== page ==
A few months ago, I co-launched an expat women's writing group here in Oslo. We have eight talented, enthusiastic members, hailing originally from countries all over the globe. I love my group. Seeing them every other week lifts my spirits and inspires me to write often and better.

(Note: We are not accepting new members at this time because we strive to allow everyone to share their writing at every meeting. With eight people, this is already often a stretch. However, I can attest to how helpful it is to find and link-up with a group of writers wherever you are. My best advice: If you can't find such a group... start one! It's easier than you might think, and always absolutely worth it. I'm happy to share the steps we took to get ours off the ground, so please don't hesitate to contact me with questions about that.)

Occasionally our assigned exercises yield some really fun writing on each of our parts. In particular, I enjoyed the 10-minute exercise we did a couple of weeks ago, and I thought I'd share my response to it here.

10 Minute Exercise: Think of your favorite animal. Why is it your favorite? Tell us about the first memory you have of one, seeing it up close or in a photo, hearing its name.

Now, here I must admit that I cheated a little bit. My actual first memory of a giraffe is a terrifying one. My mother owned a wall-hanging, three giraffes at a watering hole, black paint on bamboo slats, like window blinds without the window. She hung it on the wall of my childhood bedroom, the one I shared with both my little brothers until I was six-years-old. That wall-hanging scared the bajeezus out of me. I believed I saw it come alive at night, and that the giraffes bared their teeth at me. I believed they were going to eat me in my sleep. This was real, blood curdling, screaming-fit fear.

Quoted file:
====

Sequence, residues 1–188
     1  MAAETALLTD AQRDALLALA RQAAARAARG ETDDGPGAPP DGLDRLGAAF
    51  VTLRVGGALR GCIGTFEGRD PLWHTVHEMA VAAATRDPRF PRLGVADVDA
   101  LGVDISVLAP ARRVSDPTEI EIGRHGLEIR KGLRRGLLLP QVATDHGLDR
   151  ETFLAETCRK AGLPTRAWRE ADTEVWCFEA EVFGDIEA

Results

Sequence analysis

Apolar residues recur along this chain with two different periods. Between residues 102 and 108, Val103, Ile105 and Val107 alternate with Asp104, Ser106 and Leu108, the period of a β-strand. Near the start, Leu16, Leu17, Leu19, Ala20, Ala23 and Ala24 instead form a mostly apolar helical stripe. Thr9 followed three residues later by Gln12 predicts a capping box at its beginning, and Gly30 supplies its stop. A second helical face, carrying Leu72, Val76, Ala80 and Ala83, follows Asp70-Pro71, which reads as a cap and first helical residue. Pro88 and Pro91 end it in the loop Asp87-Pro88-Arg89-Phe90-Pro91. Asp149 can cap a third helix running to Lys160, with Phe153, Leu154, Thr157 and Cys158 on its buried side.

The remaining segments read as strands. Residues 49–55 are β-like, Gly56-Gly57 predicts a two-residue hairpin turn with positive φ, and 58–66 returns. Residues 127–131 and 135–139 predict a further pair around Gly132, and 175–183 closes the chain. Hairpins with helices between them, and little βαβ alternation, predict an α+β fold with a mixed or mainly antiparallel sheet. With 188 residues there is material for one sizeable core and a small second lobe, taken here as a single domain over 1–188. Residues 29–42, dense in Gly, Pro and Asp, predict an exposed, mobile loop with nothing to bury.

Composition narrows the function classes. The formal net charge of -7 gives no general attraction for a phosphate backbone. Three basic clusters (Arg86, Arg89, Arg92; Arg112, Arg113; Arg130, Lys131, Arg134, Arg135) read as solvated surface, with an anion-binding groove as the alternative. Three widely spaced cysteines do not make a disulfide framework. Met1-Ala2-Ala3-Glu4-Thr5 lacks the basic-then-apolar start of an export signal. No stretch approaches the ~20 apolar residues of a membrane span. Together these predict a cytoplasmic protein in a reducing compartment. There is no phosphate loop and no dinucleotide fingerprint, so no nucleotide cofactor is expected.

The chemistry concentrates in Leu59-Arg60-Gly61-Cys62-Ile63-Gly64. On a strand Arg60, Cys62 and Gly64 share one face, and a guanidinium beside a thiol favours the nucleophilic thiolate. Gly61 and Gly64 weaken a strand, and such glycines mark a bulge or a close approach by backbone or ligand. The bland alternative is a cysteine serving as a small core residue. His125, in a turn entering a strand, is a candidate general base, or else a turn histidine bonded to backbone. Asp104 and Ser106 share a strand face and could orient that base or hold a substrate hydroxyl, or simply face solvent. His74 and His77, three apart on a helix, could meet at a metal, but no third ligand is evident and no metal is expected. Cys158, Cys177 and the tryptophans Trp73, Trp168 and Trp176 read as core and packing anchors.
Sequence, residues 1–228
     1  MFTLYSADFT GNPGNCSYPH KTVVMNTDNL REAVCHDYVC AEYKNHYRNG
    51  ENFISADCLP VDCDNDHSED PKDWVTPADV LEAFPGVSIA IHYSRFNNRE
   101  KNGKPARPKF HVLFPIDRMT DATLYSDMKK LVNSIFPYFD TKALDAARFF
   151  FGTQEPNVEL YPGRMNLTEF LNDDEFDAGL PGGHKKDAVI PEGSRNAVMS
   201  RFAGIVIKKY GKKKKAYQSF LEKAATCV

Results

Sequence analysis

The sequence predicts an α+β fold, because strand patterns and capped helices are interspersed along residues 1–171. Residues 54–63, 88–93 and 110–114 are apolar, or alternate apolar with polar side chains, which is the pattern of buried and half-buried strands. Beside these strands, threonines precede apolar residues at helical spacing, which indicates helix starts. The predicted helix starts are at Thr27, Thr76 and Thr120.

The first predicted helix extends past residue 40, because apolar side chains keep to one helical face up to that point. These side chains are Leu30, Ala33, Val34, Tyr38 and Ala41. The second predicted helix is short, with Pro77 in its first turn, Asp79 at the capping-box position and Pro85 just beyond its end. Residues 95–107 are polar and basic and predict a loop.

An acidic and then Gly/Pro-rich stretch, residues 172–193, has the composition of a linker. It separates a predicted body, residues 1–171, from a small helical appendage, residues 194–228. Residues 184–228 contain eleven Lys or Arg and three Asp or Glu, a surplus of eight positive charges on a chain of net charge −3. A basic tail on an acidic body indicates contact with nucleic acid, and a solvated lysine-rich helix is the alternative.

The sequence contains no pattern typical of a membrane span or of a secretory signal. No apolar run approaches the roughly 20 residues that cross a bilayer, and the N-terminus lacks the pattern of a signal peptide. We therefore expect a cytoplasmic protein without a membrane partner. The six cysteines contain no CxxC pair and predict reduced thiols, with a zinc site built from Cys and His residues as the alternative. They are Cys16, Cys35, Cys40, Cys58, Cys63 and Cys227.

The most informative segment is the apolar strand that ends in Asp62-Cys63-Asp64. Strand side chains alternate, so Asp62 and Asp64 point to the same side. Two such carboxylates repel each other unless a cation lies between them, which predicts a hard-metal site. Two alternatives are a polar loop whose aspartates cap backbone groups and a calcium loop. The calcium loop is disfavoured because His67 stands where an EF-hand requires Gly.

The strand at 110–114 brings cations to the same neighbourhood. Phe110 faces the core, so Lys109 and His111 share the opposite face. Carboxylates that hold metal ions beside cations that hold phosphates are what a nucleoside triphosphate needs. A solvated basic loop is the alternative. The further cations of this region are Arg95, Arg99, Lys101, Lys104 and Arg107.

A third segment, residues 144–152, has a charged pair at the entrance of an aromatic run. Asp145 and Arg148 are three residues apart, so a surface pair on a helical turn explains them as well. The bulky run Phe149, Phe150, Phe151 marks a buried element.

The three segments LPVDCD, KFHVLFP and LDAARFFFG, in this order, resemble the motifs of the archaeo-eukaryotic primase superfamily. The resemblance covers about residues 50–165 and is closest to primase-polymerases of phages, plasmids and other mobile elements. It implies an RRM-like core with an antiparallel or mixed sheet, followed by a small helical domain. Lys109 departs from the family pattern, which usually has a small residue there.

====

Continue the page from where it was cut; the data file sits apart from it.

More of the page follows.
I got over it quickly once I saw giraffes at the zoo, and that's the memory I describe here. The intelligence and analysis are retrospective, of course. The romance of the moment is absolutely real.

The neck of the giraffe is what catches my eye. I stand up on my toes and stare through the links of the chain fence at her. The tallest, the most graceful of the group. She is brown and gold and her knees are knobbed. And I know she is a she the way I know the same thing about my mother. They are alike somehow, my mother and this grand, arching, spotted creature of the savanna.

My dad asks if I want to ride an elephant with my brothers. He taps my back with his hand when I don't answer. But I cannot pull my eyes away from the beautiful beast before me. The giraffe swoops her face down to the grassy ground of the pen. She takes a mouthful and chews. She has the cheekbones of Katharine Hepburn. Even the two stunted, tufted knobs at the crown of her head, retracting, devolving antlers, are lovely to me.

I say, No, I do not want to ride an elephant.

This is my first trip to the zoo since I grew old enough to run from one exhibit to another on my own, released from the confines of my stroller. I know my own mind. I do not want to watch the gorillas; their girth and gray-palmed human hands frighten me. I do not want to see the snakes. Their movements are too calculated, too geometric.

But I do want to watch the giraffe, to see her take enormous strides and dainty steps, and the flicker of her tasseled tail. She is womanly and queenly and I would reach up and touch her thick, whispering lips with my child-fingers if only someone would bring me a ladder.

Dad leaves me be. He's been in love before, too.